When the coals in the grill have ashed over, spread them to the outside edges of the Weber equally. Put the cooking grill rack in place. Place the aluminum pan with the turkey in the center of the grill, keeping it away from the direct heat of the coals. If you’re using a meat thermometer, insert the probe into the thickest part of the breast, being careful not to hit the bone. Place the lid on the grill. (You may need to bend your pan a bit.) Open the vents on the bottom of the Weber as well as the lid. Important to get air circulating!

My meat thermometer calls me from as far as 100 feet away! Time for a cocktail!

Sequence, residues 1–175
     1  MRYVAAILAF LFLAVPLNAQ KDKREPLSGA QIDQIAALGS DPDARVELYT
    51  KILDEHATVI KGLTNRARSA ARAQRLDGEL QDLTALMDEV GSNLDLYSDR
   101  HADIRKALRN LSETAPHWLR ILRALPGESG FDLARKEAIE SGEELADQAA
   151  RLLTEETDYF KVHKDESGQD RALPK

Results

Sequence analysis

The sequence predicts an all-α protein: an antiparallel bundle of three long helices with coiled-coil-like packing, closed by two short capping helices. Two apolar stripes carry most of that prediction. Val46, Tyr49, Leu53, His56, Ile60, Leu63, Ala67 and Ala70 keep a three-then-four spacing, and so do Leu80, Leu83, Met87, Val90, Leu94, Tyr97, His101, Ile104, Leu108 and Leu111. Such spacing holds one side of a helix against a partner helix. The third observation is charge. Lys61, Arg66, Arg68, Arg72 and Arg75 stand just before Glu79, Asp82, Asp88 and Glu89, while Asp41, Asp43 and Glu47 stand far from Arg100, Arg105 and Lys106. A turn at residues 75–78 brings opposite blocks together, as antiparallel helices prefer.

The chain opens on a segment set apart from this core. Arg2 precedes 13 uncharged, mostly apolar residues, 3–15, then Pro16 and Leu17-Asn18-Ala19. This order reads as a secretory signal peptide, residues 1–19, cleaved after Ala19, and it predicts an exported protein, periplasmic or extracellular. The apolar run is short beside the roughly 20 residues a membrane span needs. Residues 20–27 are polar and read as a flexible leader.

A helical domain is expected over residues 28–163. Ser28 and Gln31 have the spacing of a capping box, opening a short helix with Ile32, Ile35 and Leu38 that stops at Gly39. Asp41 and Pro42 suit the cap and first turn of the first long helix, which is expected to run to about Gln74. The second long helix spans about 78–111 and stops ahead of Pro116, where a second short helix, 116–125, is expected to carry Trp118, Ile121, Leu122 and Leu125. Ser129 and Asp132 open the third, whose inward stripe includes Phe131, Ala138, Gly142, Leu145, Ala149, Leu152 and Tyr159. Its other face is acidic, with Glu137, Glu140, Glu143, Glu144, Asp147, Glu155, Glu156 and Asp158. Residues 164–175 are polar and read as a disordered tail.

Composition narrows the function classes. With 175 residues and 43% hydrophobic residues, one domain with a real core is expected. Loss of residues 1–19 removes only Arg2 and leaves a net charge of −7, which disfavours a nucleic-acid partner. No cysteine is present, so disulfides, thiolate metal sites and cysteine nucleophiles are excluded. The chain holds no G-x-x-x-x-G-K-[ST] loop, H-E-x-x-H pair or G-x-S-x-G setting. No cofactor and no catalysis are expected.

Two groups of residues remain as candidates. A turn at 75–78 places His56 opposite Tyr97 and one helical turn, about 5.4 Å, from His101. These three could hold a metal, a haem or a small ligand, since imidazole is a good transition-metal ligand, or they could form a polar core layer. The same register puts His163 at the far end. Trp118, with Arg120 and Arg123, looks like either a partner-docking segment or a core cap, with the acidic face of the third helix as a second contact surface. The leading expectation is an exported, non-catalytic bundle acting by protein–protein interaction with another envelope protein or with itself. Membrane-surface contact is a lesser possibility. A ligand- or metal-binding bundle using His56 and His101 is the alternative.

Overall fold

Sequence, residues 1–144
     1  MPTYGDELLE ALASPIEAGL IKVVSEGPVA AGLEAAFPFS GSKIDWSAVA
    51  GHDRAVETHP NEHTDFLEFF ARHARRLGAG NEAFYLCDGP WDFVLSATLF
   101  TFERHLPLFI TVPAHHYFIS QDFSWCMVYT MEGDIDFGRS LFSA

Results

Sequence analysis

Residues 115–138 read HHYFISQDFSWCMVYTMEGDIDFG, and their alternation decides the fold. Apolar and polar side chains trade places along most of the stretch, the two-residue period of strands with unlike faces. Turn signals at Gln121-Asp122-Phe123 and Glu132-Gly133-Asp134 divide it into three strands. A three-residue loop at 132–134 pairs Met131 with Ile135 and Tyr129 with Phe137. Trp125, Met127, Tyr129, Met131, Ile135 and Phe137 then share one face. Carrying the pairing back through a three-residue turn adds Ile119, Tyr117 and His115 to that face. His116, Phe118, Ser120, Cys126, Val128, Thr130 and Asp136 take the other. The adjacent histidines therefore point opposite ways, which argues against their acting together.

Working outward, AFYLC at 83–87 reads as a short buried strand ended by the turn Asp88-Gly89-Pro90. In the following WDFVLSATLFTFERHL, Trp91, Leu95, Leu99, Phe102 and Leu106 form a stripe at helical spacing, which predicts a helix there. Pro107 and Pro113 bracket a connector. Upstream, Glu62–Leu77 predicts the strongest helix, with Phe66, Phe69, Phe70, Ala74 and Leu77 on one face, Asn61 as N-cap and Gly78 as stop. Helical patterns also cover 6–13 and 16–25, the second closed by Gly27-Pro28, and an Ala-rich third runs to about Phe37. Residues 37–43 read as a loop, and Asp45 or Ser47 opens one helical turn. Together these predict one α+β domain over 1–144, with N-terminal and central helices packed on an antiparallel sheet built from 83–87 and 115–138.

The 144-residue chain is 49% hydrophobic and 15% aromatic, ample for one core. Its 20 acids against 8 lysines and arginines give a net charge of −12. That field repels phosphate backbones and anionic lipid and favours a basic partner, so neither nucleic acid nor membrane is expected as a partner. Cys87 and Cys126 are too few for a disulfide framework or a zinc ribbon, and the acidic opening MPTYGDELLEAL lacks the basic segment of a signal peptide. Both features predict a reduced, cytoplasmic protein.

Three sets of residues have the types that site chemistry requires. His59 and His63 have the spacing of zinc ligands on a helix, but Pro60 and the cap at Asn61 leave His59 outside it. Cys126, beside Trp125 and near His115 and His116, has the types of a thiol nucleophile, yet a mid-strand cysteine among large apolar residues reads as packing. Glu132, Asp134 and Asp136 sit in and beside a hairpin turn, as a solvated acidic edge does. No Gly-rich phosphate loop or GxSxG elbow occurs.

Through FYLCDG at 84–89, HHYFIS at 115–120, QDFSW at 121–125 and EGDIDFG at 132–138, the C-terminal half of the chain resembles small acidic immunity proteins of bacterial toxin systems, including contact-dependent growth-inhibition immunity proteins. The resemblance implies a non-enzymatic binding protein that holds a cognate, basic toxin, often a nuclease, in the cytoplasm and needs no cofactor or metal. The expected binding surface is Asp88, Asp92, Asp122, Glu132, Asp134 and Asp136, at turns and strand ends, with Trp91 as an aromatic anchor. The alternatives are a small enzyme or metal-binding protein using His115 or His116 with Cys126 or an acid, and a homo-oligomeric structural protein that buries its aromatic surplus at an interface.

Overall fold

My meat thermometer calls me from as far as 100 feet away! Time for a cocktail!

No basting is necessary.

Now here’s the tough part: DO NOT OPEN THE GRILL TO CHECK ON THE TURKEY! (If you must look, shine a flashlight into the vent holes on the lid to take a peek at the pop-up timer, if there is one.) The whole point is to keep the heat inside the kettle. You’ll know your turkey is done when no more smoke or heat rises from the grill, and the turkey inside stops making sizzling noises.

Remove the turkey and let it rest at least 15 minutes before carving.

If you pull the turkey out too early and find that it still needs cooking, or if your coals die out too soon, simply place the bird in a 350-degree oven to finish. It will still have that wonderful smokey flavor from the grill.

Beautifully grilled, and perfectly cooked in less than 2 hours!

Beautifully grilled, and perfectly cooked in less than 2 hours!